As far as the Rajya Sabha is concerned, a similar rule (75) in the Rules of Procedure and Conduct of Business in the Council of States (Rajya Sabha) provides for “discharge” of a member of a Select Committee on Bills, with the approval of the Rajya Sabha. This provision is applicable to the members of DRPSCs administered by the Rajya Sabha.

Prima facie, the rules appear to be very strict, but there are escape routes. A member can avoid discharge if he is absent with the permission of the chairperson. Secondly, in case of appointment to a committee though election (e.g. Public Accounts Committee and Select Committees), a motion has to be moved in the House; but who would like to move that motion and annoy the member?

The malaise of absenteeism is, however, not confined to the committees of Parliament only; it goes much deeper as two recent occurrences have highlighted. Delivering the first Arun Jaitley Memorial Lecture instituted by Delhi University on October 29, 2019, Venkaiah Naidu had expressed concern over poor attendance of lawmakers in the House. He urged that political parties need to evolve a “roster system” for ensuring attendance of at least 50 percent of their members in the legislatures all through the proceedings of the House every day to address the issue of lack of quorum. Again on December 2, 2019, as many as six out of 15 MPs, against whose names questions for oral answer were listed in the Rajya Sabha, were found absent during Question Hour. Venkaiah Naidu observed: “Hon’ble members, I am sorry, I have to make an observation. This is happening time and again…After having asked the question if they are absent, it is a sorry state of affairs.”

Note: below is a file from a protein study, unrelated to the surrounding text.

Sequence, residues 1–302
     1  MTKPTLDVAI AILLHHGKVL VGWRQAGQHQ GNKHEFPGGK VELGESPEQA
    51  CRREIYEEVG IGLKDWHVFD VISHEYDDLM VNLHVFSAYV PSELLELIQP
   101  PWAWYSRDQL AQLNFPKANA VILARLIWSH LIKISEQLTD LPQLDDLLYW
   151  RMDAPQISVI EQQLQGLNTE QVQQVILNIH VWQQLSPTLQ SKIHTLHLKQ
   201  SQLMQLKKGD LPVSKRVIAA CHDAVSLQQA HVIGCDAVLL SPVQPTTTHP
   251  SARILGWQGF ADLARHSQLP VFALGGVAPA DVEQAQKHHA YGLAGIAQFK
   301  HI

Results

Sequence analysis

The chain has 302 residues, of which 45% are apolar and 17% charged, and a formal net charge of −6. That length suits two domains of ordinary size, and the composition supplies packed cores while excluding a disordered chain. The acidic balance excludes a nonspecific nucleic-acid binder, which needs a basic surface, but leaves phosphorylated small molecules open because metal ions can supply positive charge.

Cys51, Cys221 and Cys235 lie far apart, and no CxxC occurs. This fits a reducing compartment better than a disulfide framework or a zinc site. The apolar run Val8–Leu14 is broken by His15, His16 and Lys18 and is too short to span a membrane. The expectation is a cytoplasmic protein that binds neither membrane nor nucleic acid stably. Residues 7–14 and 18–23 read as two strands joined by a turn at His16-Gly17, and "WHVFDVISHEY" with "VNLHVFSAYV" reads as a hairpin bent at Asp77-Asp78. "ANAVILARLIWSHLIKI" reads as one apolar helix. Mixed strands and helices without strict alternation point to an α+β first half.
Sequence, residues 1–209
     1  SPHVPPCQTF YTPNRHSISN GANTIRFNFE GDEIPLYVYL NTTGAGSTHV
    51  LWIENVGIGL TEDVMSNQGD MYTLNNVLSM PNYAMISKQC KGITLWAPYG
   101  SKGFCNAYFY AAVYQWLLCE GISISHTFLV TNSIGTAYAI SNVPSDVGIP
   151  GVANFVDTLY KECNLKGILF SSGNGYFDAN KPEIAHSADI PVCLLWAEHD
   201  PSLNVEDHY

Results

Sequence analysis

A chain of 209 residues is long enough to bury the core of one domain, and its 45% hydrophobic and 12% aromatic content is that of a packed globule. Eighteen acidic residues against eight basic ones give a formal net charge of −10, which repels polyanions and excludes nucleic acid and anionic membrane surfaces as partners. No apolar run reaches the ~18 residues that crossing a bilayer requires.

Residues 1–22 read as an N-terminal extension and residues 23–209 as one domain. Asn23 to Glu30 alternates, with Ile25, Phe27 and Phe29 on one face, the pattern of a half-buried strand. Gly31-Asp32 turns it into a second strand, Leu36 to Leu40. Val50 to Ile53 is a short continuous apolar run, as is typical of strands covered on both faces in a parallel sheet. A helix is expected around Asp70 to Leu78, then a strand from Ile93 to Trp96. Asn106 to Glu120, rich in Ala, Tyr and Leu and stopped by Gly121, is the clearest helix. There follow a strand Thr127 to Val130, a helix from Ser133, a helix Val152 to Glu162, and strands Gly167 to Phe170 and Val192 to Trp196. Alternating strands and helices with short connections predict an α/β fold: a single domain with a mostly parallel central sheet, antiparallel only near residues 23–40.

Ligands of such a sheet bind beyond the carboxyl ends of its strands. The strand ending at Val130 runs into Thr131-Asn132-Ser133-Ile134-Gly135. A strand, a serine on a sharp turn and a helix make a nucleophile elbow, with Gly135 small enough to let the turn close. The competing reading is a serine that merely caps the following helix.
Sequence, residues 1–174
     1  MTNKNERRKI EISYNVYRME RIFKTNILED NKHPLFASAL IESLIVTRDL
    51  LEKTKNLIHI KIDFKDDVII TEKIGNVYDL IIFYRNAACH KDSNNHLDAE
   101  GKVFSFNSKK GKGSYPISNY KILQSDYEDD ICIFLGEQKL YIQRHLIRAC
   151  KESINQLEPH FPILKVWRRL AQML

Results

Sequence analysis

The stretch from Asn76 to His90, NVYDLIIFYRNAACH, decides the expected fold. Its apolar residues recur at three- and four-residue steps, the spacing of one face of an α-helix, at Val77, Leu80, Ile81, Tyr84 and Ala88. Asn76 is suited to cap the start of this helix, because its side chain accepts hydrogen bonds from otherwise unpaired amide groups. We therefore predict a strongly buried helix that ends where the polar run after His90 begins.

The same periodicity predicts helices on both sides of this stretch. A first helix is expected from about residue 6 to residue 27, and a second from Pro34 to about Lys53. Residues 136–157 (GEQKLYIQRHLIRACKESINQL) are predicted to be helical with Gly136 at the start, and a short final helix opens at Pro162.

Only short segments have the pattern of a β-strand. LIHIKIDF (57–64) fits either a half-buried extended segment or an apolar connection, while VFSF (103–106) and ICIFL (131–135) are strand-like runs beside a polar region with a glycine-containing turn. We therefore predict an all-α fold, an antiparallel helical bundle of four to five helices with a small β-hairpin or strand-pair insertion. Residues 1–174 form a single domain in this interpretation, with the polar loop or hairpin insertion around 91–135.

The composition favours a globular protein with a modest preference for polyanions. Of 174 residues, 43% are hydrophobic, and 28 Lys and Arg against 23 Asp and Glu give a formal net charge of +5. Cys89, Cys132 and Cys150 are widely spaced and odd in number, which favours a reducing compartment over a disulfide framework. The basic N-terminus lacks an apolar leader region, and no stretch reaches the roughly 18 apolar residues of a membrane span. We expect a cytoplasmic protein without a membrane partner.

In a study (The Parliamentary Mandate) conducted by the Inter-Parliamentary Union in 2000, it was found that forfeiture of part of a member’s salary (or supplementary allowances) is undoubtedly the most common penalty for absence without a valid reason. This was done in Costa Rica, Cyprus, France, Gabon, Germany, Guatemala, Hungary, Jordan, Luxembourg, Paraguay, Poland, Republic of Korea, Spain and Uruguay. In India too, the defaulting member loses his sitting fee, but not any part of his salary or other allowances. Deputies in the French National Assembly who participate in less than two-thirds of open votes during a session have one-third of their salary docked for a period equal to that of the session. Failure to attend more than one-third of committee meetings during a session may also entail financial penalties.

Absence without a valid reason also invites disciplinary action in some countries (e.g. Lao People’s Democratic Republic and Gabonese Senate). In Benin, in the event of repeated absence for one-third of the meetings held during a session, members may be suspended for one year. Definitive forfeiture of a mandate is less frequent but nevertheless quite common, particularly in countries with a British parliamentary tradition, including India (Article 101 (4) of the Constitution). It also exists in Armenia, Austria, Japan, Thailand and Turkey. Turkish members who have been absent without a valid reason for five sittings during a one-month period may be expelled by the assembly.

What then is the remedy for the Indian malady? Naming and shaming, as Venkaiah Naidu did by sharing the data with the media, is only the beginning. Moreover, in addition to non-payment of sitting fee for the days of absence, a proportionate deduction from the salary and other allowances should automatically follow. Absence, with or without permission, from more than five consecutive sittings should entail discharge from the committee. Absence from the sittings of the House for more than one year continuously, with/without permission, should result in the seat of the member being declared vacant.

Perhaps that is the only way to tackle such truancy.

—The writer is a former Secretary-General, Rajya Sabha

Lead picture: MPs outside Parliament. They tend to be lackadaisical in attending meetings of DRPSCs to discuss important issues/Photo: UNI

Did you find apk for android? You can find new Free Android Games and apps.

LEAVE A REPLY

Please enter your comment!
Please enter your name here